The world’s second-largest economy grew 6.6 percent in 2018, which matched analysts’ expectations, and was lower than a revised 6.8 percent growth in 2017. Fourth quarter GDP growth was 6.4 percent, which was also in line with expectations.
“I think what we’re seeing actually in the fourth quarter is that while the economy is decelerating, we actually still have some of the supports,” Helen Zhu, head of China equities at BlackRock, told CNBC’s “Street Signs ” on Monday. “For example, for most of the quarter, from the export front loading impact that we had probably before the Argentina G-20 (summit) when people’s expectations regarding trade became a little bit more optimistic.”
Chinese President Xi Jinping and U.S. President Donald Trump agreed to a 90-day pause in tariff escalation at the G-20 summit in Argentina late in 2018.
While Beijing’s official GDP figures are seen as one of the crucial indicators of China’s economic health, many outside experts have expressed skepticism about the veracity of the numbers.
Raymond Yeung, chief economist for Greater China at the Australia and New Zealand Banking Group, wrote in a note that China’s GDP numbers are “not an accurate gauge” of its economic growth. Still, he pointed out, the gap between the actual figures and the official targets usually shapes the government’s policy stance.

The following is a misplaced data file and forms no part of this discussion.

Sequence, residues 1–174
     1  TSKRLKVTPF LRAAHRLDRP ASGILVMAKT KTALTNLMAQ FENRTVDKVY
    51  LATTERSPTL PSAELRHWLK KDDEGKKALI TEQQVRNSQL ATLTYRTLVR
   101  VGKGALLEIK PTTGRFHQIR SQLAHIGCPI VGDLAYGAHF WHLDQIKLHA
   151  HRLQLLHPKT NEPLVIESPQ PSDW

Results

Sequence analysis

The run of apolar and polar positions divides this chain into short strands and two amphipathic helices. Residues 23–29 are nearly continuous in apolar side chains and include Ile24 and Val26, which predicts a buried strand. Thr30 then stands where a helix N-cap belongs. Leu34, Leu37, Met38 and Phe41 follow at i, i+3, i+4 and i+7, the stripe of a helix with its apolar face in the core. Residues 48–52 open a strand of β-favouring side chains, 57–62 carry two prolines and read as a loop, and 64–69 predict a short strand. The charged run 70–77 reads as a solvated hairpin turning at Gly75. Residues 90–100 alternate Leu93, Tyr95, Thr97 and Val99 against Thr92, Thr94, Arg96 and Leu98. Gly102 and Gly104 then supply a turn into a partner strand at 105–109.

“Falling producer prices and new export orders point to a slowdown in China’s growth momentum,” Yeung added. “To celebrate the 70th anniversary of the founding of the People’s Republic of China in 2019, President Xi (Jinping) will still likely launch growth-supportive policies.”
The mainland Chinese markets, closely watched as a result of the ongoing U.S.-China trade fight, saw gains on the back of the data release. The Shanghai composite rose more than 0.5 percent to close at about 2,610.51 while the Shenzhen composite gained 0.607 percent to end its trading day at around 1,330.17. The Shenzhen component also advanced 0.592 percent to close at approximately 7,626.24.
Hong Kong’s Hang Seng index saw gains of 0.39 percent to close at 27,196.54.
Asia-Pacific Market Indexes Chart
|NIKKEI||Nikkei 225 Index||NIKKEI||20719.33||53.26||0.26|
|HSI||Hang Seng Index||HSI||27196.54||105.73||0.39|
|ASX 200||S&P/ASX 200||ASX 200||5890.40||10.80||0.18|
|CNBC 100||CNBC 100 ASIA IDX||CNBC 100||7677.34||19.38||0.25|
In South Korea, the Kospi ended its trading day largely flat at 2,124.61 while Australia’s benchmark ASX 200 rose 0.18 percent to close at 5,890.40, with the sectors mixed
Australian oil stocks mostly rose as the energy subindex advanced 0.49 percent. Crude oil prices gained on Friday following news that China put forward a plan to eliminate its trade surplus with the United States. During the afternoon of Asian trading hours on Monday, international benchmark Brent crude futures dipped 0.1 percent to $62.64 per barrel. U.S. crude futures also slipped fractionally to $53.79 per barrel.
The Japanese yen, widely seen as a safe-haven currency, traded at 109.60 after seeing an earlier low of 109.76. The Australian dollar was at $0.7166 after touching an earlier high of $0.7185.
— Reuters and CNBC’s Huileng Tan contributed to this report.